27:32 Benefits of Probiotics and Heart Disease: There is now data showing that probiotic use can lower blood pressure and cholesterol. Many heart conditions are endotoxin leaking conditions, even with a healthy gut, based upon poor blood flow to the gut. Congestive heart failure is where there is not enough circulation to the vessels of the gut. A study involving saccharomyces boulardii, probiotic yeast, with congestive heart failure patients showed tremendous improvements in shortness of breath measures, measures of heart strength, and ability to walk distances without impairment. Probiotic lactobacillus reuteri has shown some benefits in cholesterol reduction.
30:18 Testing for Arterial Health: Best used for cholesterol is a calculated rather than direct measure. Advanced lipid profiles including LDL particle number and particle size is very important for determining cardiac risk. Include inflammation testing for C-reactive protein, myeloperoxidase and plaque test. When you are 45 or 50 years old, at your physical they recommend a mammogram, and/or a colonoscopy. However, if you say you feel well, you are not given an electrocardiogram, a stress test, or a stress echo or nuclear. For 5 to 10 years prior to a silent heart attack, cardiac issues could have been detected with simple low cost testing.
35:34 When to Do Testing: Before we reach the age of 20 we should have a routine cholesterol profile. One person in 400 to 500 has inherited heterozygous familial hyperlipidemia; where a teenager can have a cholesterol level in the 400s or 500s. In your 30s, advanced blood work is reasonable, though not routine. Don’t assume anything by outward appearance. The CIMT carotid imaging study would be appropriate about age 40. A CT scan involves radiation, so there should be other signals or risk factors like diabetes, heavy smoking, lost immediate family member to early heart attack, before embarking upon this test. This might be delayed until you are in your late 40s.
39:02 Women and Heart Disease: As many women as men die from heart disease, but they tend to develop it about 10 years later in life as a post-menopausal condition. A 35 or 45 year old woman may have heart disease from heavy smoking, diabetes, or family history of abnormalities in cholesterol or homocysteine. It is not too early to begin a lifestyle management program. Know your numbers. With obesity and metabolic syndrome climbing, we are seeing much younger people who are 100 pounds overweight, do limited exercise, have HDLs that are way too low and have triglycerides of 600. They look like 70 year old people in 34 year old bodies. Women should get checked early. Women can have the classic symptoms of pressure and angina. Sometimes is it palpitations, fatigue, often short of breath with exertion, or unusual sweating. There could be many causes for these symptoms. Heartburn in both men and women could be heart, not heartburn. Women have less of the typical angina and less warning before the heart attack. Fortunately, women do not drop dead (sudden death) as often as men.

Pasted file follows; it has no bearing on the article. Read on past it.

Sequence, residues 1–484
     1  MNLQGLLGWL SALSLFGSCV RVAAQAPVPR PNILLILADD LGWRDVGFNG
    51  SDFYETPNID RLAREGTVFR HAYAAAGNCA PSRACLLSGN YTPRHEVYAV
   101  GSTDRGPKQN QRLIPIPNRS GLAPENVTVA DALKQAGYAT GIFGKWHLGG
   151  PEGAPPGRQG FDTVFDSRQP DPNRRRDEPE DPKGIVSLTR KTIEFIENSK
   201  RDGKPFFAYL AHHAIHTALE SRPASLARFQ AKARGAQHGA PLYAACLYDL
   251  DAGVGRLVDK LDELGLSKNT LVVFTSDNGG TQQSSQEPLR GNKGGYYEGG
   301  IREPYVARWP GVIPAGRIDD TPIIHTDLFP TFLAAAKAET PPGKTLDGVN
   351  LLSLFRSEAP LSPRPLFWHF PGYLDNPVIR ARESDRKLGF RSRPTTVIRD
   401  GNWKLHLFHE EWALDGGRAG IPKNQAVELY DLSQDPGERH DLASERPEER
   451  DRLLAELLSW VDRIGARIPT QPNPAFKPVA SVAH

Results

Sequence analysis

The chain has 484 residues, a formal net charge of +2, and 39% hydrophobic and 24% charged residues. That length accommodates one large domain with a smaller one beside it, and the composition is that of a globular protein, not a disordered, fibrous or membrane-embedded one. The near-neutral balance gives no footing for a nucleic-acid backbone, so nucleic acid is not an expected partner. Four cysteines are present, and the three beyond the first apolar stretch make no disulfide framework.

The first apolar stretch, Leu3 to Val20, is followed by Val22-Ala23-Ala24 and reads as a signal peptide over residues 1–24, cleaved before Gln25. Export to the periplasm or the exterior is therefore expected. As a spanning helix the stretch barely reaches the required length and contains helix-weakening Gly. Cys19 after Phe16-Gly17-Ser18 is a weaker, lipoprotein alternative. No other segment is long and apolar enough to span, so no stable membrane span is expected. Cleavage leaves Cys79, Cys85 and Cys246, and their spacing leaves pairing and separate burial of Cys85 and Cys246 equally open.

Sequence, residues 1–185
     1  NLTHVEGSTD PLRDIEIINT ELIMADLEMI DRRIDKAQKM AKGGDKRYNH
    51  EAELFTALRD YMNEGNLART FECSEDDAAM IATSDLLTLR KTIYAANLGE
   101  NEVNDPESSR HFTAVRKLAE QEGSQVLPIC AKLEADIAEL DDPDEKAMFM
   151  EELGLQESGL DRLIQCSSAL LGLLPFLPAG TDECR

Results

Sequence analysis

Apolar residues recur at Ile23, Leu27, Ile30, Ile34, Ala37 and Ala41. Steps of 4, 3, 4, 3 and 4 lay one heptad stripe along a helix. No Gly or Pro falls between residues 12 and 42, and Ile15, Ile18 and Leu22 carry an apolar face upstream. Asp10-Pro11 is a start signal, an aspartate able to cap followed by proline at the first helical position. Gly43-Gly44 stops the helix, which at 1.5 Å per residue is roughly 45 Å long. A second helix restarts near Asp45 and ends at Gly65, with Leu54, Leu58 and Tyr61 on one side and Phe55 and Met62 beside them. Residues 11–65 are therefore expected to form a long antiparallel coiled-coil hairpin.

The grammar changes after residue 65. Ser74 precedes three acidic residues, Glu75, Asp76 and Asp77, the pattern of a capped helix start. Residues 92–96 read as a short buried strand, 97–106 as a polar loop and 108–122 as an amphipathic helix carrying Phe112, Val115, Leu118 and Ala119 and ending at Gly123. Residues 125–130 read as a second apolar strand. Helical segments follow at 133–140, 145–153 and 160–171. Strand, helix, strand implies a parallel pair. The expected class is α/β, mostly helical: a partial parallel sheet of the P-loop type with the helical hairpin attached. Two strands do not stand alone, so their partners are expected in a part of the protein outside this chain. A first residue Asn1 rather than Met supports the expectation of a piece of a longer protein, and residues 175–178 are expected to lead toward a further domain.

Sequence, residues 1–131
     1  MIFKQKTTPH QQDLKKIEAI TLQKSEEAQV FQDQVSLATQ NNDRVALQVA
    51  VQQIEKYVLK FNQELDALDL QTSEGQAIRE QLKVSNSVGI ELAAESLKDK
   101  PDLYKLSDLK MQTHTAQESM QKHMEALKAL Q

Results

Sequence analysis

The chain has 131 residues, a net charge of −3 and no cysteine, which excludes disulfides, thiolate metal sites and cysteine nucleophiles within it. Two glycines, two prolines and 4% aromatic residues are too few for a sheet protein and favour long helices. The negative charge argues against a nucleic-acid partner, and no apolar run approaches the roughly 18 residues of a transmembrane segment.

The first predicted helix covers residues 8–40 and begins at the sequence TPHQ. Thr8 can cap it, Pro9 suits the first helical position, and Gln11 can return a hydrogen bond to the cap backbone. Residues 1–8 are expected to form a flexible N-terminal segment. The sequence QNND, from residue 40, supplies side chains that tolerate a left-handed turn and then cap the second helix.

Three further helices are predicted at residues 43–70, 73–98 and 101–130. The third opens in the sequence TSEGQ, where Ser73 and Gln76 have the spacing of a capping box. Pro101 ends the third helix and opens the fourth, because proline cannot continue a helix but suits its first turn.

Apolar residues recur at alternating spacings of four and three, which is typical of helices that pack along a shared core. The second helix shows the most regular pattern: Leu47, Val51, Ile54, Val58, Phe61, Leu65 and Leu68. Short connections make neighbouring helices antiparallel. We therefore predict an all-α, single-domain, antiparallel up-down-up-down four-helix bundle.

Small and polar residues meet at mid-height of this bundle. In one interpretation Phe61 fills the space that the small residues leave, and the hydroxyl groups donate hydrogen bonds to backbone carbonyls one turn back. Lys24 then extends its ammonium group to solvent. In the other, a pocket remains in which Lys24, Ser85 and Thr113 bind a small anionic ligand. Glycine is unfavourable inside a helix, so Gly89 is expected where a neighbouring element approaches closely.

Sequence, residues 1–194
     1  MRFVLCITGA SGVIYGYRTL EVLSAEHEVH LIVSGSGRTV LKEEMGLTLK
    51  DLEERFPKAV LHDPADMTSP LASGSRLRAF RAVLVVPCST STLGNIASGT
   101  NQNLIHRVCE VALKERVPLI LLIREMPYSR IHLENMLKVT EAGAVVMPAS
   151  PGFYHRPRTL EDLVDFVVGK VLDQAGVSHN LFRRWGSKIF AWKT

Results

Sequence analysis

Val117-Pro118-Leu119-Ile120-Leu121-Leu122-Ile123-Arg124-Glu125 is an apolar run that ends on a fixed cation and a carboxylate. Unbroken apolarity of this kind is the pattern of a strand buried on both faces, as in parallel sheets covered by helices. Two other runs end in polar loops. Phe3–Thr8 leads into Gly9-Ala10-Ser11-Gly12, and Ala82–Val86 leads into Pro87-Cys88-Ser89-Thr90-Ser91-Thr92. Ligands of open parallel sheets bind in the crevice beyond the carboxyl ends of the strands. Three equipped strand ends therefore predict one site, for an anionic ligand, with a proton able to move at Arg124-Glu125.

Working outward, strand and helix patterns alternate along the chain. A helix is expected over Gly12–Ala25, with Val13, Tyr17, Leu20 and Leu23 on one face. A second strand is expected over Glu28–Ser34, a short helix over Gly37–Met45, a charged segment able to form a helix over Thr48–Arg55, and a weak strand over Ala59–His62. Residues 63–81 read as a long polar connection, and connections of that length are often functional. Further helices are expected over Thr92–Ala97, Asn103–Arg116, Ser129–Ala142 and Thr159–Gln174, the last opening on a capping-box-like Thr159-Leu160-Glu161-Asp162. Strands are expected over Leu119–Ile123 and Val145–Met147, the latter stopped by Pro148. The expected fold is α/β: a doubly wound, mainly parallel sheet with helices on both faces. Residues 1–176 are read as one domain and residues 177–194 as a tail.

42:26 Chest Pain: Classic angina (angina is Latin for choking) is brief, maybe 2 to 8 minutes. It is not a specific sharp pain. It is pressure, tightness, heaviness, squeezing, or choking, usually brought on by exertion, emotion, a cold, or sexual activity. It can be in the jaw, the back or shoulder, even rarely the earlobe. If it comes on with exertion and goes away when you stop, that may be a prelude to a big one. Go get checked.
44:54 Triglycerides Link to Heart Disease: Triglycerides are lifestyle makers; a weight marker, insulin sensitivity marker, and an insulin resistant marker. People bash satins as worthless. There are frequent side effects, but they can be an important part of the program. There is less data that lowering triglycerides with medication will make you feel better or make you live longer. Green tea is great for lowering triglycerides. Dr. Kahn treats with lifestyle modifications and avoids prescription drugs.
46:30 Stress Management: There is tons of data that shows that stress is the driving factor for lifestyle choices and inciting disease and inflammation. It needs to be part of modern medical treatment. Dr. Kahn insists that his patients learn some hack for stress. The easiest is HeartMath and its heartrate variability. This breathing program has a positive impact in as little as 10 minutes per day. Another useful produce is Holosync. A study of heart attack patients showed that at the end of 5 years, those who were trained in meditation had fewer repeat heart attacks, deaths and repeat hospitalizations dropped 50%.
49:55 Dr. Kahn’s Favorite Nutrient: Although maca is a great adaptogen, stress reducer, and sexual stimulant and he really likes it, he would choose rhodiola. There is more data on the cardiovascular system and rhodiola. It is an adaptogen that helps people to chill. There is data that it improves cardiac function.
50:53 One Health Tip for America: Stop funding the meat and dairy industry and stop supporting GMO and glyphosate. We need support for the fruit and vegetable industry. Get everyone walking. Educate people about standing at work. Data shows that 30 minutes after sitting, our metabolism slows, our insulin resistance goes up, our HDL falls. If we sit long enough, our blood pressure goes up. Calcification of our arteries is linked to how many hours each day that we sit. Get America up and moving.
Rhodiola helps manage stress, a huge and silent contributor to cardiovascular disease.
#1 Health Tip
Stop subsidizing GMO foods, and increase exercise for everyone, including children.